It was shipped dry, because in dry form, it weighed a lot
less than when wet, but once water (at sea) hit it, not only did it become
heavier, but the process of fermentation began again and a by-product is methane
gas that formed again. As the stuff was stored below decks in bundles you
can see what could (and did) happen. Methane began to build up below decks and the first time someone came below at
night with a lantern,
Several ships were destroyed in this manner before it was
determined just what was happening. After that, the bundles of manure were
always stamped with the
instruction ' Stow high in transit ' on them, which meant for
the sailors to stow it high enough off the lower decks so that any water
that came into the hold would not touch this volatile cargo and start the
production of methane.
Thus evolved the term ' S.H.I.T ', (Stow High In Transit)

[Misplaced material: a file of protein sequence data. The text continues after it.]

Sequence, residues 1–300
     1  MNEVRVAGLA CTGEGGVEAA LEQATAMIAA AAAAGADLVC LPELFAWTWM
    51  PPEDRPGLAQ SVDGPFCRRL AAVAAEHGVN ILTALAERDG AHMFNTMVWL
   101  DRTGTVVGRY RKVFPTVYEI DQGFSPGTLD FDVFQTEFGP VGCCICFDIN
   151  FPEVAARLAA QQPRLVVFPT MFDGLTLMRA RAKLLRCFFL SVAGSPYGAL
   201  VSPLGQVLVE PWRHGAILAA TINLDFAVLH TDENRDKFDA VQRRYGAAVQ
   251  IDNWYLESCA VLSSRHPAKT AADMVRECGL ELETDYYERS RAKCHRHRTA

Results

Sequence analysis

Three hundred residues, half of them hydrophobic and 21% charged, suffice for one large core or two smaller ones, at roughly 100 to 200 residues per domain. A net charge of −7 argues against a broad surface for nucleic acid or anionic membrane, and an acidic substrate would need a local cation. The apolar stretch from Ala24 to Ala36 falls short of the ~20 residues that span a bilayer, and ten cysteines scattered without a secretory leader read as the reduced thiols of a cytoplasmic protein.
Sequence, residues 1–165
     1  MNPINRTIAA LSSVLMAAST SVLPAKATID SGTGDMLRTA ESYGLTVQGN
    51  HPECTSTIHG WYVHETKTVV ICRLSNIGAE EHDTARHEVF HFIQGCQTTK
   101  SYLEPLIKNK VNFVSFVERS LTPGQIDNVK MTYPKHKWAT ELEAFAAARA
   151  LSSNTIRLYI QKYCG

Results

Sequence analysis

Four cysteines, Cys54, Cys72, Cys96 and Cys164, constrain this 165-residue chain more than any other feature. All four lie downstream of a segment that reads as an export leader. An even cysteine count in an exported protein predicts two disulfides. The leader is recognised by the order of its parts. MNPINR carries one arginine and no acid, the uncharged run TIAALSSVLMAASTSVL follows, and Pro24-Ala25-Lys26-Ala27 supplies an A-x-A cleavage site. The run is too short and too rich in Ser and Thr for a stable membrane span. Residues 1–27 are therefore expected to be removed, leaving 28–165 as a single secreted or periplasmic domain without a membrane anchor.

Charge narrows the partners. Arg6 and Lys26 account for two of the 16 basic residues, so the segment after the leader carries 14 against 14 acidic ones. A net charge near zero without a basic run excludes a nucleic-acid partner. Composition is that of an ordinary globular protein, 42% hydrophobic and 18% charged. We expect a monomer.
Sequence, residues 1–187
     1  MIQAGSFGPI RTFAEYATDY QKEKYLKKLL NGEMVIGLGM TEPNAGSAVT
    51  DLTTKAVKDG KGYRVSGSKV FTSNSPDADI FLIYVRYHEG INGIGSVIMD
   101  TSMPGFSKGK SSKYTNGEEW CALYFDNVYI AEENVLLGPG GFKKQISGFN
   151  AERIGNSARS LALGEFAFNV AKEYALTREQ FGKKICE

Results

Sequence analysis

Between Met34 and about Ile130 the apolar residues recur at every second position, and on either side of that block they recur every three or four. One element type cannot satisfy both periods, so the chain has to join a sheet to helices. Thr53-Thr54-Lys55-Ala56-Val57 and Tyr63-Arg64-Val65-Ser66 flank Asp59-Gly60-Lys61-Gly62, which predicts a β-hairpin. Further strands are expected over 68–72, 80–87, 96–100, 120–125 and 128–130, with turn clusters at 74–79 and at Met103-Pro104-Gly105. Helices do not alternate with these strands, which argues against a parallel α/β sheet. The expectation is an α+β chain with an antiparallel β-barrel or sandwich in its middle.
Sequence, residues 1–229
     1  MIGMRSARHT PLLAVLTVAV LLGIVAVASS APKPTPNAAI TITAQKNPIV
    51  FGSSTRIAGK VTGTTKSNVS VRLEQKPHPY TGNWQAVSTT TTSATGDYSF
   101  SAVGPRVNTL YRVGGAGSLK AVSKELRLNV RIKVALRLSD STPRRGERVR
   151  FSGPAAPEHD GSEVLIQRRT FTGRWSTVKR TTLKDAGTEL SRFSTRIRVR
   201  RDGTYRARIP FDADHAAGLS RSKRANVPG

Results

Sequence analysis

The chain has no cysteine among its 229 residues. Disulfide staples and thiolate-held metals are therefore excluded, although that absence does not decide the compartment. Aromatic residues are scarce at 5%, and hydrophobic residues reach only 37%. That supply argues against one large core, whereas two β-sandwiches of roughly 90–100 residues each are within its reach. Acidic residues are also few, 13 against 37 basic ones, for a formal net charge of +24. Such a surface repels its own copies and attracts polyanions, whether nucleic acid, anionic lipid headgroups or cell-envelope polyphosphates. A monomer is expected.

which has come down through the centuries and is in use to this very
day. You probably did not know the true history of this word. Neither
had always thought it was a golf term.
The Merriiam-Webster dictionary dates
the word back to 1526 and says that it is from the Old English scite and
akin to a related word –scitan and means to defecate.
writer for the Online Etymology Dictionary points out that the use acronyms
didn’t develop until the 20th century so a word that is hundreds of years old
would not have originated as an acronym.